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Summary: A holy walk is best seen in our attitudes to others.

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A CALL TO PRACTICAL HOLINESS

Leviticus 19:1-2; Leviticus 19:9-18

In the midst of Jesus’ best-known ethical sermon, the Lord taught the foundational motive for right Christian living: ‘Be ye therefore perfect, even as your Father which is in heaven is perfect’ (Matthew 5:48).

In many respects Leviticus 19 is a reshaping, retelling and applying of the ten commandments. Each of the commandments (except the first) is covered, with reference to the living-out of God ‘s laws in Israel’s life. The first commandment is assumed throughout, and governs all the others: because “I the LORD your God am holy” (Leviticus 19:2).

The chosen section deals with certain ethical matters, framed for the agricultural, economic, social, judicial, and neighbourly aspects of daily living. The refrain throughout is “I am the LORD”, or “I am the LORD your God”. A holy walk with God is best seen in our attitudes to others.

1. Agriculture.

To city dwellers today, it may seem quite quaint to speak of leaving the corners of one’s field unharvested, and not going back over the job to pick up any missed produce (Leviticus 19:9-10) - but the underlying principle of care is universal. The most beautiful illustration of this practice is found in the book of Ruth: where Boaz would have his reapers drop whole handfuls ‘on purpose’ (Ruth 2:15-16) to provide for Naomi, a neighbour who had fallen on hard times; and her daughter-in-law Ruth, who was a “stranger” in the land.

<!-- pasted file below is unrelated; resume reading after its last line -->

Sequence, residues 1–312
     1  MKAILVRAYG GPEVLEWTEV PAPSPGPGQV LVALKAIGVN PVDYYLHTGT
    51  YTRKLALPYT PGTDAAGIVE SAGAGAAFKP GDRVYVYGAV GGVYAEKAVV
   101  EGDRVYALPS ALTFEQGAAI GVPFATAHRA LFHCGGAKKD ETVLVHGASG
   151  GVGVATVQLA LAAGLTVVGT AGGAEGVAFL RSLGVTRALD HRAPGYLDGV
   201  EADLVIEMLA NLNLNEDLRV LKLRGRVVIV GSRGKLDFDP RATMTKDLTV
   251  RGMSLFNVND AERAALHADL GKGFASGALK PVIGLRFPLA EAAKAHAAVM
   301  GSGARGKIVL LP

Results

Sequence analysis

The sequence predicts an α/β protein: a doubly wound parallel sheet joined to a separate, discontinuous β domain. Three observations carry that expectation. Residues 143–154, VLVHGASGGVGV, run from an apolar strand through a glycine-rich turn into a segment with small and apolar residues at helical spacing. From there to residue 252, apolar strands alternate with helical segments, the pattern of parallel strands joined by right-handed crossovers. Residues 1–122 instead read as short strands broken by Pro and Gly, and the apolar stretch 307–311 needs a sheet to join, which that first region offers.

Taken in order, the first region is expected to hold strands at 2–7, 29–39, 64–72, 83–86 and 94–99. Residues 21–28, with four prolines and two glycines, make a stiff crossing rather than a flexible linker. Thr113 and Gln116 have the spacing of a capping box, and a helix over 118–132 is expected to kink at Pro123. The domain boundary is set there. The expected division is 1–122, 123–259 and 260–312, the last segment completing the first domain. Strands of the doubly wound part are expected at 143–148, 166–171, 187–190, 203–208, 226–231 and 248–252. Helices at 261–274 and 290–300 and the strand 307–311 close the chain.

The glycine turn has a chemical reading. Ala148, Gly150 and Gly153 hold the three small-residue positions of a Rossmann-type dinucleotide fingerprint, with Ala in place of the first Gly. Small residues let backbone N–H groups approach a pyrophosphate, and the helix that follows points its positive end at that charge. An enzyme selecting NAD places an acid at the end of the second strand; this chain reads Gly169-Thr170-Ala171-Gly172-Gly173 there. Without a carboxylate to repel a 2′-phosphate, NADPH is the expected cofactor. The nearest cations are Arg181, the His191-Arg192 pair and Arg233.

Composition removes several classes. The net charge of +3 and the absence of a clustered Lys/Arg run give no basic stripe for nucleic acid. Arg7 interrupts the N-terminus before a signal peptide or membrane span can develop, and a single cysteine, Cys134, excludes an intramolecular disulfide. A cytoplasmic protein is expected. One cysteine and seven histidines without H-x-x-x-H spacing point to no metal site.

This is not just a random jumble of commandments: the following word is “You shall not steal” (Leviticus 19:11), and is not unrelated to our attitude towards those ‘less fortunate’ than ourselves. Failing to allow this provision for life’s victims robs them of the dignity of being able to provide for themselves out of the abundance of the generous. Withholding charity is like robbing the poor (cf. Proverbs 22:22).

Such failure is in its turn a dishonest act which fails to give God the praise for what we have by sharing His bounty with others. This in turn dishonours the name of God (cf. Leviticus 19:12).

2. Economics.

In a society where wages were paid daily (cf. Matthew 20:2), with a possible ‘national minimum wage’ which would provide a daily meal for a worker and his family, withholding wages overnight could be disastrous for the labourer. Interestingly here, the employee is to be reckoned as a “neighbour” by the employer (Leviticus 19:13). Surely such consideration would radicalise the workplace today?

3. Social.

There is a duty of care outlined in Leviticus 19:14 - “Do not curse the deaf (who cannot hear what you are saying); and do not put a stumbling block in front of the blind.” I wonder if there is a deeper meaning here on the positive - or even spiritual - side, too: something along the lines of ‘open your mouth for the dumb’ (Proverbs 31:8)? Help the deaf comprehend, assist the blind in the way, perhaps?


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